Marshall in Marin County, California — The American West (Pacific Coastal)
Getting to Marconi
At the turn of the century this was the only way to get here. However, at the time it was the alignment of the Northern Pacific Railroad. This narrow gauge railway served as the primary mode of transport from the San Francisco Bay area from 1875 to 1933.
Although a dirt road had been developed by the time Marconi was in use, many visitors would still arrive by train at a small platform in the community of Marshall. They would then walk up a steep flight of wooden stairs, and follow a narrow trail leading to the foot of a stairway in front of the hotel.
The dirt road became known as County Road 57. A portion of this historic road still exists at Marconi. It passes in front of the hotel and continues north along the front of the property.
Topics. This historical marker is listed in these topic lists: Railroads & Streetcars • Roads & Vehicles.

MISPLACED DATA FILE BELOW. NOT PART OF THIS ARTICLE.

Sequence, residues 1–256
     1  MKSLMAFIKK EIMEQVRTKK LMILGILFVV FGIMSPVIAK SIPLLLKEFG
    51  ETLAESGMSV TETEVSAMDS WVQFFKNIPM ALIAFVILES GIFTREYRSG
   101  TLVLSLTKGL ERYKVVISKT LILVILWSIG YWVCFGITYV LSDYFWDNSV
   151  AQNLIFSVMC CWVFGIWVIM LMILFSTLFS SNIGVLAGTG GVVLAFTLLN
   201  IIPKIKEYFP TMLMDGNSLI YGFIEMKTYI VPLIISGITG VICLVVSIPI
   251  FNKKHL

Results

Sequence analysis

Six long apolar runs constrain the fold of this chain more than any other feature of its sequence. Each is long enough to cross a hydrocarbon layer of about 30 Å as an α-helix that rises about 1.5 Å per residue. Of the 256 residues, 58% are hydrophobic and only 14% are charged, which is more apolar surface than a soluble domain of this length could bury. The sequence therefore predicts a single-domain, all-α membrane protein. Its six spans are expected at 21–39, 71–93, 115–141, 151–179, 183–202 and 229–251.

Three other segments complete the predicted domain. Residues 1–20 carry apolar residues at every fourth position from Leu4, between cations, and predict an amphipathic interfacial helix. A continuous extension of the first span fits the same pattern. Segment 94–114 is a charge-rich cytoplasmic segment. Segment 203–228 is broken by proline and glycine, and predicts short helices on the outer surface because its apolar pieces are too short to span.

Location. 38° Touch for map. Marker is at or near this postal address: 18500 California Highway 1, Marshall CA 94940, United States of America. Touch for directions.
Other nearby markers. At least 8 other markers are within 9 miles of this marker, measured as the crow flies. Beryl and Leonard Buck Hall (within shouting distance of this marker); AT&T & RCA Receiving Stations (approx. 5.2 miles away); Providing Global Communications (approx. 5.2 miles away); Warren Dutton House - Tomales Community Park (approx. 7.2 miles away); Tomales Presbyterian Church (approx. 7.2 miles away); Tomales (approx. 7.2 miles away); Tomales Town Hall (approx. 7.3 miles away); Portus Novae Albionus (approx. 8.3 miles away).
More about this marker. This marker is located on the grounds of the Marconi Conference Center State Historic Park across from the Beryl and Leonard Buck Hall.
Credits. This page was last revised on June 16, 2016. It was originally submitted on May 16, 2014, by Barry Swackhamer of Brentwood, California. This page has been viewed 386 times since then. Photos: 1, 2. submitted on May 16, 2014, by Barry Swackhamer of Brentwood, California. • Bill Pfingsten was the editor who published this page.